Fast-playing rules - designed to play within one and a half hours - with an emphasis on fun and the flavor of the period. Players spend ecus (money points) to build armies from one of eleven army lists (France, Italy, Eastern/Lithuanian, Low Countries/Swiss, Scots/Irish, Teutonic/Polish, Burgundy, Spain, and three types of English). Stands/units form groups, which in turn form Battles, of which armies consist. In addition, each side receives a ration of Characters (kings, marshals, allied lords, imposters, captains, bowmasters, and religious personalities), each of which have special powers or can carry unique items (such as holy relics or standards). The rules describe four conditions which cause the battle to end, at which time victory points are scored for possessing the terrain objective, losing troops, and taking prisoners. Optional rules cover omens and portents, randomized ransom points, unreliable characters, and independent commands. Ruleset includes a brief guide to medieval miniatures and heraldry.
|Period||1250 A.D. to 1500 A.D.|
|Scale||Scale is unstated. Designed for use with 15mm figures (for use with 25mm, double all measurements).|
|Contents||Resealable plastic envelope contains 9 full-size cardstock sheets (4 rule cards, 2 pages background, 1 reference card, 1 diagram card, 1 blank army sheet)|
|Designers|| Chip Harrison (email@example.com)|
Curtis Wright (firstname.lastname@example.org)
|Publisher||First edition published 1997 by Chipco|
|Mike Demana (email@example.com)|
Days of Knights is a fast-play set of miniature rules for the "high medieval" era (1250 - 1500 A.D.). Army lists are included for 100 Years War, War of the Roses, Italian Wars, Swiss, Teutonics -- all the major European participants and conflicts. Unfortunately, the lists do not venture east into the Arab countries or Central Asia, but these would be easy to represent with the troop types available.
As is standard for Chipco rules sets, troop types are kept to a minimum and are generic. An English knight is the same as a French or Teutonic one. There are eight foot types (pikes, dismounted knights, levies, crossbows, longbows, "ordinary" bows and two types of men-at-arms). There are three mounted (knights, heavy and light cavalry). Chipco rules sets are a "chip off the block" of Wargames Research Group's "De Bellis Antiquitatis" (DBA) and "De Bellis Multitudinis" (DBM) ancient and medieval rules. Both companies' hallmark is single stand "units" and movement rules that encourage grouping these stands into battlelines. So, games tend to have a historic look to them, as with DBA/DBM.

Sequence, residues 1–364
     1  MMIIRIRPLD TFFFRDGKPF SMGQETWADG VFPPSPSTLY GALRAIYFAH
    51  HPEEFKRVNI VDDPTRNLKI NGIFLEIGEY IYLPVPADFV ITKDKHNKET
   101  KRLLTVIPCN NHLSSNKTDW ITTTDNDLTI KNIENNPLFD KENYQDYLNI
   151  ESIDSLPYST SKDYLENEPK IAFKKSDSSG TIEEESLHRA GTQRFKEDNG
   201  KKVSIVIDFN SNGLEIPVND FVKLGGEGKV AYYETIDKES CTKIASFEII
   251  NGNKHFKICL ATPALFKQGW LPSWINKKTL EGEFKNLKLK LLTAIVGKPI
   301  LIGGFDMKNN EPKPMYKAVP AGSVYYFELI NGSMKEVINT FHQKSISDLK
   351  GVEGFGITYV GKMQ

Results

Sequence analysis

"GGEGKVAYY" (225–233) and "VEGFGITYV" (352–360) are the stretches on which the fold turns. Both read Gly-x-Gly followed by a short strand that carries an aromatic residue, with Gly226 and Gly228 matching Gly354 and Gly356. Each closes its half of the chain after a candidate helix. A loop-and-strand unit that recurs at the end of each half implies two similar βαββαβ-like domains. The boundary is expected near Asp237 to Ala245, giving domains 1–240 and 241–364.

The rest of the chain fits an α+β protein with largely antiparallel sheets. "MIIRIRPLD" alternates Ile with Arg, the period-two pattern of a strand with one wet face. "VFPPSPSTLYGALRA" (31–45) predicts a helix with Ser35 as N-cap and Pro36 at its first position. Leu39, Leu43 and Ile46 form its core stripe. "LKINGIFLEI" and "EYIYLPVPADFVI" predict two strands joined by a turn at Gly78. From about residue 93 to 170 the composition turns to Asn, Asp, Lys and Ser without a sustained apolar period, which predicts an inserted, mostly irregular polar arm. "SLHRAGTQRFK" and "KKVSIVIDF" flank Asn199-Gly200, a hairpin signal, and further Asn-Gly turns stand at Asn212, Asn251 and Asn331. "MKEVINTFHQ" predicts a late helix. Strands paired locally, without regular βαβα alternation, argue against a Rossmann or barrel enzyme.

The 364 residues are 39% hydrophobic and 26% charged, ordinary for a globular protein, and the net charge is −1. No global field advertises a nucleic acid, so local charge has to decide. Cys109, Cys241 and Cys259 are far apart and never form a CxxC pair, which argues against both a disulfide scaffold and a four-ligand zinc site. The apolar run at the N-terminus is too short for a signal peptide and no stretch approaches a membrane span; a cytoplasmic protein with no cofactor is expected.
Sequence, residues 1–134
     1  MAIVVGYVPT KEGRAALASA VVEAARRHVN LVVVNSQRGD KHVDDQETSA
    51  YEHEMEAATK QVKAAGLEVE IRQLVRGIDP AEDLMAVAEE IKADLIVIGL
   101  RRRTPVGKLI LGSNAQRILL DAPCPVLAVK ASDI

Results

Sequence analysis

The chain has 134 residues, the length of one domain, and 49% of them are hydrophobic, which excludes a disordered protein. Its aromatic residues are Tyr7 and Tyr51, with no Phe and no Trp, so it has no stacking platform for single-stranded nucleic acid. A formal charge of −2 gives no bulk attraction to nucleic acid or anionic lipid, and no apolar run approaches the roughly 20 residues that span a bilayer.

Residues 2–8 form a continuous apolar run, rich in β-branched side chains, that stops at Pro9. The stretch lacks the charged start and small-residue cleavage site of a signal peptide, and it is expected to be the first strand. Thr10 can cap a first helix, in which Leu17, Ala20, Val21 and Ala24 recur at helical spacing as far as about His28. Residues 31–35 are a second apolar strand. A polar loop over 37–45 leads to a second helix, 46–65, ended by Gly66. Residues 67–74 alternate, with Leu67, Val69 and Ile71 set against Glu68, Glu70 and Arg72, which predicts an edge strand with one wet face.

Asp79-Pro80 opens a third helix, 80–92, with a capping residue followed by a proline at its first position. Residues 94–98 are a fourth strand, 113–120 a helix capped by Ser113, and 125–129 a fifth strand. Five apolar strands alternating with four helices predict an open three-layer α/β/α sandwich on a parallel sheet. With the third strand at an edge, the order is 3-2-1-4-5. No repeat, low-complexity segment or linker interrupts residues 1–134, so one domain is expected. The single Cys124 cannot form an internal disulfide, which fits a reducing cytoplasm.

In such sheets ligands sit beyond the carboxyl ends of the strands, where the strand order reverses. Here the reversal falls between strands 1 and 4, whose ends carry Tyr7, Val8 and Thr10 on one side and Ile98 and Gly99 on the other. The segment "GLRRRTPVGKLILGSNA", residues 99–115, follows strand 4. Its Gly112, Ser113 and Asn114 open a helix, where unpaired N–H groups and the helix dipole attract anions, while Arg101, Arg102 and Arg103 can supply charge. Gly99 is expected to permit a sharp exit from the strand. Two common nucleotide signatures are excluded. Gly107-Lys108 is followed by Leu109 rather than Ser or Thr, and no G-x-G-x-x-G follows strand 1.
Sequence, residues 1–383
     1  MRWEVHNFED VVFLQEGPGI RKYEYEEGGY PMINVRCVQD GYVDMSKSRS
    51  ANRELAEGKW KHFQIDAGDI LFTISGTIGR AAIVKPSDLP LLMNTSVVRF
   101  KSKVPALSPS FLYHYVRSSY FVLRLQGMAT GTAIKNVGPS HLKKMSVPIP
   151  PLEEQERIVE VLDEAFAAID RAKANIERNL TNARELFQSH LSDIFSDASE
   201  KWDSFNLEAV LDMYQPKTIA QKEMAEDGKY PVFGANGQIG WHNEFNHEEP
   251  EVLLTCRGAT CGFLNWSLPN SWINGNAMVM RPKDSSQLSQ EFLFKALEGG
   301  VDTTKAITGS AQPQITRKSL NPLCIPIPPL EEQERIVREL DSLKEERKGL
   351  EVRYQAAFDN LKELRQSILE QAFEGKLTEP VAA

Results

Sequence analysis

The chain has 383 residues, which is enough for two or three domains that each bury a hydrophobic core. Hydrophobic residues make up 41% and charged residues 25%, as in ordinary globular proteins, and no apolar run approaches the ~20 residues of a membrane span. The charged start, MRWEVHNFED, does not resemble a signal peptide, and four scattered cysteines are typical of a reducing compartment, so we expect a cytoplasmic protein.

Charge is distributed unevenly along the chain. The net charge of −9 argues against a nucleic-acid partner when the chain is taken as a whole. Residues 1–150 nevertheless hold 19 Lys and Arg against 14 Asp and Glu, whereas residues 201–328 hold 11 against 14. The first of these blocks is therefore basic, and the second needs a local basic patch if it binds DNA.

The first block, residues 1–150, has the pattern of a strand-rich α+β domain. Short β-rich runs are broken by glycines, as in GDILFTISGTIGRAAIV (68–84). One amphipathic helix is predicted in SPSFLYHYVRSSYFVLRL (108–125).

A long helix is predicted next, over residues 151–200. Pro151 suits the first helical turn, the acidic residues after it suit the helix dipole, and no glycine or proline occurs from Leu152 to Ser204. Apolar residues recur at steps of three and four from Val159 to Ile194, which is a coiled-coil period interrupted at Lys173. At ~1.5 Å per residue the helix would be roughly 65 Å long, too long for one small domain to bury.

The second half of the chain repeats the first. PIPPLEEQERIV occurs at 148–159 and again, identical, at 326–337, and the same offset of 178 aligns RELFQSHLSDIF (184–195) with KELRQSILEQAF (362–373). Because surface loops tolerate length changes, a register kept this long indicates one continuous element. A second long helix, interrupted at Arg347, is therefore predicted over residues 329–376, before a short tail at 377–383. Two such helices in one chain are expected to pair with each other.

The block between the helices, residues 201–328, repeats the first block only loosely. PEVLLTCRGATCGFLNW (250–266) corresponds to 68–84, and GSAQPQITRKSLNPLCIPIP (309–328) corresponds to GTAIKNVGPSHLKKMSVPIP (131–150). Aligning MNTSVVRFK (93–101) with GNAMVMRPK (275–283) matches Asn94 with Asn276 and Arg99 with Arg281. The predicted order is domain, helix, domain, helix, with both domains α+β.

Days of Knights also continues the simple mechanism of each unit having a combat factor that is added to the roll of a dice to resolve melee. Factors range from 1 for levies to 5 for knights. There are a limited number of tactical factors, too, such as pike's +2 vs mounted, knight's + 2 when charging, and longbow's + 1 when charged. Units whose scores are doubled are destroyed, those who lose by less receive a demoralization marker. A second marker causes recoil, a third destruction. However, all units have a "Rally" number, with a chance to rally off these markers at the start of their turn. It plays very similar to their popular Fantasy Rules! set. If you've played those rules, you will pick D.O.K. up quickly.
Perhaps the biggest change from previous Chipco sets is with the movement. All units may move forward or obliquely (up to 45 degrees) with no command and control problems. However, for a unit or group to turn, wheel or change formation a leader must be present. There are three levels of leaders: King, Marshal and Captain. The first two allow any group they are part of to perform such a manuever. Captains allow only an individual unit to do so. Light cavalry is an exception to the above restrictions and may manuever freely.
The rules suggest organizing an army into three commands or "battles." A marshal leads each battle, while the king is left separate and may go where the player wishes to help command and control. Additionally, each army is given two captains to place with whichever unit they desire. So, leaders in D.O.K. are not simply cheerleaders. They are an important part of the battle plan and execution. In our playtest, we found that units can easily be left stranded, facing the wrong direction with no leader around.
Leaders are also at risk. If a destroyed unit contained a leader, a die roll is made with possibilities being escape, capture or death. Loss of a command's marshal at the wrong time can seriously restrict the troop's ability to react to enemy attacks. This is probably historical, but is a bit unsettling when you have the troops, but no way to get them where they are needed!
Missile fire is effective but not overpowering. Up to four units may combine fire for a roll against the same enemy. A ten sided die is used, and in the above case, results would be:
1 - 2 miss 3 - 7 demoralization marker 8 -10 destroyed